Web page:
Underdiagnosis of sleep apnea syndrome in U.S. communities

Sleep Breath. 2002 Jun;6(2):49-54. doi: 10.1007/s11325-002-0049-5.


We hypothesize that clinical recognition rates for obstructive sleep apnea-hypoapnea syndrome (OSAHS) are influenced by comorbidity and demographic factors. Data on medical disorders, symptoms of sleep disorders, and cardiovascular risk factors gathered from 15,699 individuals in the Sleep Heart Health Study were compared. Participants were classified into three groups: those with a self-reported physician diagnosis of OSAHS, those with self-reported physician-diagnosed and -treated OSAHS, and those reporting both frequent snoring and daytime sleepiness (two-symptom group). Among all participants, 4.1% reported two symptoms (range across sites: 1.55 to 7.23%), whereas 1.6% reported a physician diagnosis of OSAHS (range: 0.66 to 2.88%) and 0.6% reported physician diagnosis and treatment (range: 0.11 to 0.88%). Recognized OSAHS groups were similar to the two-symptom group in age, having a sleeping partner, measured blood pressure, total cholesterol, and race. In a logistic model that included age along with characteristics found to vary significantly among the three groups (gender, body mass index [BMI], high-density lipoprotein cholesterol levels, hypertension), only male gender and BMI were increased in those with physician-diagnosed and -treated OSAHS. We conclude that disparities (especially in women and in those with lower BMI) exist between current recognition rates for OSAHS and the estimated prevalence by symptom report across the United States.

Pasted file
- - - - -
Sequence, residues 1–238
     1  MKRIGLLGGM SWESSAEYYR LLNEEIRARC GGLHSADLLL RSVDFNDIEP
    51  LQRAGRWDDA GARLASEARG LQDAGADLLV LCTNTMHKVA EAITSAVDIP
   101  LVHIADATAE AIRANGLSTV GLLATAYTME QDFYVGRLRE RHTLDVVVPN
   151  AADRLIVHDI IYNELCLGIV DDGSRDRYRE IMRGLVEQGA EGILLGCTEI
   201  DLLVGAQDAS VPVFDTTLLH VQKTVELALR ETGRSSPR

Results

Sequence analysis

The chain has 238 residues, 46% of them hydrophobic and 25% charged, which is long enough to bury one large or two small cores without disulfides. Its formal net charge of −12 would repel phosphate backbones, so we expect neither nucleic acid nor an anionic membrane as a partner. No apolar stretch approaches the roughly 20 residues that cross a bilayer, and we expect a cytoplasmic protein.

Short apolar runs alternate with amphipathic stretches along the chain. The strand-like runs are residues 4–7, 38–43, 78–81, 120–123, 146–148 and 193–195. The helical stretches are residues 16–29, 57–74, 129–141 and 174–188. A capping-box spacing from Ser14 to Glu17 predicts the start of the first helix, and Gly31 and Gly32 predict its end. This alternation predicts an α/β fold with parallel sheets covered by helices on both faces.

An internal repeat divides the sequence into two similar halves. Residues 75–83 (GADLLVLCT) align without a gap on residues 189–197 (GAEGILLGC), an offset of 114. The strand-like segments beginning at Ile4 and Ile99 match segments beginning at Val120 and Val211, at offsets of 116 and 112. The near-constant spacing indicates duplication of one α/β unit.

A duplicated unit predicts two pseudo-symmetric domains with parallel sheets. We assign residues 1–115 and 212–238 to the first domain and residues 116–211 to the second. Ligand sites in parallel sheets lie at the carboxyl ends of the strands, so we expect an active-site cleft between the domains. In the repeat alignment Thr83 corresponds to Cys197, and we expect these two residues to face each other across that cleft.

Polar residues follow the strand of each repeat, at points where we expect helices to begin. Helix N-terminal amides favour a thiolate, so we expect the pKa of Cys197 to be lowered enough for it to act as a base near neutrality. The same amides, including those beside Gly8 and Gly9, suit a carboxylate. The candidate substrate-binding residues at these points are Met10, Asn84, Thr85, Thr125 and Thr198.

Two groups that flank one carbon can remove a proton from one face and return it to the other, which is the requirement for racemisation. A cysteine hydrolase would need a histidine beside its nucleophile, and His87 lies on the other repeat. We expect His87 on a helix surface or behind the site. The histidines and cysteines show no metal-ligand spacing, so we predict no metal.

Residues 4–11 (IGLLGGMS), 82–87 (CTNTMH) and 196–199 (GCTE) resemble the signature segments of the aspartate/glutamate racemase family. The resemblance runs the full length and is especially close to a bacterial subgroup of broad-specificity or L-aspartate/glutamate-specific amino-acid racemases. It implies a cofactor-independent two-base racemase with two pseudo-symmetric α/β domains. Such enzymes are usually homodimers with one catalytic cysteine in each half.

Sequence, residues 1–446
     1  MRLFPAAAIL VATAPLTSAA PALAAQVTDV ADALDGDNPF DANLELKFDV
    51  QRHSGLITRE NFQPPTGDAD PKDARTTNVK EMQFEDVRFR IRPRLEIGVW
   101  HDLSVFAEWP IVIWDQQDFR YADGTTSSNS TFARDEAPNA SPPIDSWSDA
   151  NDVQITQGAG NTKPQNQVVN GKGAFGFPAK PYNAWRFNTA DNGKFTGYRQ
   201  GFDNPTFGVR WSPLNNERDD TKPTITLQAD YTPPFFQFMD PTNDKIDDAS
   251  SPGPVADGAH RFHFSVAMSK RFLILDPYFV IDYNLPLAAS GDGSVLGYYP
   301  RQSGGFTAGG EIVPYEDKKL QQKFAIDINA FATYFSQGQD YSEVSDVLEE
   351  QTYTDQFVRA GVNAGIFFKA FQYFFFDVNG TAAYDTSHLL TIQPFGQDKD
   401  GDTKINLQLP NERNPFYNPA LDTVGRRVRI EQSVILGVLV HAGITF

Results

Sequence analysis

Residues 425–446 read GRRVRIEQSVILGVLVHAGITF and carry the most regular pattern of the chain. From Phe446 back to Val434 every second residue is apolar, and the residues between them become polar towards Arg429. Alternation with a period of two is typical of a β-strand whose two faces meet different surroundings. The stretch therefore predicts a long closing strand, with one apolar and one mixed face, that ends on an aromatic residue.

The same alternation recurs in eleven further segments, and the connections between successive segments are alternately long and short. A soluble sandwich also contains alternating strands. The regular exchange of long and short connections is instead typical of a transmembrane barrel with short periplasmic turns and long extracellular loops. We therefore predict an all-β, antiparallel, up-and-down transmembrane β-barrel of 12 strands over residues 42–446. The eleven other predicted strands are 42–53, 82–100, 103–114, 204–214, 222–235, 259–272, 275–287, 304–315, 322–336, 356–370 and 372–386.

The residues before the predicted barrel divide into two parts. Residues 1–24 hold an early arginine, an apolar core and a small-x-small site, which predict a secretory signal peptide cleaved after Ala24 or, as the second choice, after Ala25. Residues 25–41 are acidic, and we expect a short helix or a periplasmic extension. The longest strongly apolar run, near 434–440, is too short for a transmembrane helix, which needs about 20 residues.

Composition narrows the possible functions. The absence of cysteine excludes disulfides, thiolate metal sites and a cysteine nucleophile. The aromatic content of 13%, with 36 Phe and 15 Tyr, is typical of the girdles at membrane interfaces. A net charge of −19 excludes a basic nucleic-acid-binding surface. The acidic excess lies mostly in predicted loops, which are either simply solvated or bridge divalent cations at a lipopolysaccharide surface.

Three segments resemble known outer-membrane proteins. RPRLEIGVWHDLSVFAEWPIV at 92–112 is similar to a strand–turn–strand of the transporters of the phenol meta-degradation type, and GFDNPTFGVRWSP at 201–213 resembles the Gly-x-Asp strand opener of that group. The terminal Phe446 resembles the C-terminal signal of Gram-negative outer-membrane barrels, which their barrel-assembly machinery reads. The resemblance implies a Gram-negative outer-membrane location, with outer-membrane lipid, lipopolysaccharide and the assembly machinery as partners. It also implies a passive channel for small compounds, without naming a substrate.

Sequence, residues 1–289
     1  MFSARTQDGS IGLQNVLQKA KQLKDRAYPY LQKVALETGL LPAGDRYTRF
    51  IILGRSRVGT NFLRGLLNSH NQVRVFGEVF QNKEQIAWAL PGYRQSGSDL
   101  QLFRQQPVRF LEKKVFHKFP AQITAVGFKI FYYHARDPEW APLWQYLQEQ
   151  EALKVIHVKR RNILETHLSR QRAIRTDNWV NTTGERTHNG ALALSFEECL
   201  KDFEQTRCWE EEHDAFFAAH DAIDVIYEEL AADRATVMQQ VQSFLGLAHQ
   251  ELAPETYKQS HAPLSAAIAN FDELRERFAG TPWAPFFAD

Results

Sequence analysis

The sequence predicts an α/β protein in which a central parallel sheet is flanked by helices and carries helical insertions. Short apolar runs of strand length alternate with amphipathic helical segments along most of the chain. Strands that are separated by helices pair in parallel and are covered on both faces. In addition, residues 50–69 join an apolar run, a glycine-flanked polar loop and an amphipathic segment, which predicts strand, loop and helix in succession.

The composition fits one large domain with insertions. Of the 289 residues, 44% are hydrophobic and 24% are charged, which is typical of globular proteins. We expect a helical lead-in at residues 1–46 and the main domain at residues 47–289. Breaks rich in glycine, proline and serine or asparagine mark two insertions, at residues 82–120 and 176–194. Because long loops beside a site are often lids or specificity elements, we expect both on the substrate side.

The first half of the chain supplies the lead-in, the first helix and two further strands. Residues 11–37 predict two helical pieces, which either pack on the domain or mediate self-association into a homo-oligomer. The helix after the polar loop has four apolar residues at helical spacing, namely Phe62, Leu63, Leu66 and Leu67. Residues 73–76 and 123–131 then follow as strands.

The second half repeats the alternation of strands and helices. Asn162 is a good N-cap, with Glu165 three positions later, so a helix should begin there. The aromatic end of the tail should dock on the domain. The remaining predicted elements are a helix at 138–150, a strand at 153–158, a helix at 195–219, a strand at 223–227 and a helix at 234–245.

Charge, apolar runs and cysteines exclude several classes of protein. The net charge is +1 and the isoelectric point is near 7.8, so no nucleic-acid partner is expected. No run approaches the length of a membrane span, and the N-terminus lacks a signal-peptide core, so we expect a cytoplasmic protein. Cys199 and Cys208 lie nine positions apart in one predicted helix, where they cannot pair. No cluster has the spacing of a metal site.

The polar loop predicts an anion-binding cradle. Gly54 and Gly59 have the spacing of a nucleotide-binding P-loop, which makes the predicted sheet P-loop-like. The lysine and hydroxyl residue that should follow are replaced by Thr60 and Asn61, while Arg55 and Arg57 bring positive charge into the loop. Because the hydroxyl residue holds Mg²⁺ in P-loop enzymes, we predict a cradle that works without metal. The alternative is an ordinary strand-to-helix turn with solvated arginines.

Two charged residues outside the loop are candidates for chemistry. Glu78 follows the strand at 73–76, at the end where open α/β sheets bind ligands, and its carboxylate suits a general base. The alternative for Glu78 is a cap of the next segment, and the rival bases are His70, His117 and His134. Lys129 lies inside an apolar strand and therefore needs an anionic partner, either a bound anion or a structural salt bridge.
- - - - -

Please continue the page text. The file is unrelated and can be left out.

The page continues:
Publication types

  • Research Support, U.S. Gov't, Non-P.H.S.
  • Research Support, U.S. Gov't, P.H.S.

MeSH terms

  • Diagnosis, Differential
  • Diagnostic Errors
  • Female
  • Humans
  • Male
  • Middle Aged
  • Prevalence
  • Sleep Apnea Syndromes / diagnosis*
  • Sleep Apnea Syndromes / epidemiology
  • United States / epidemiology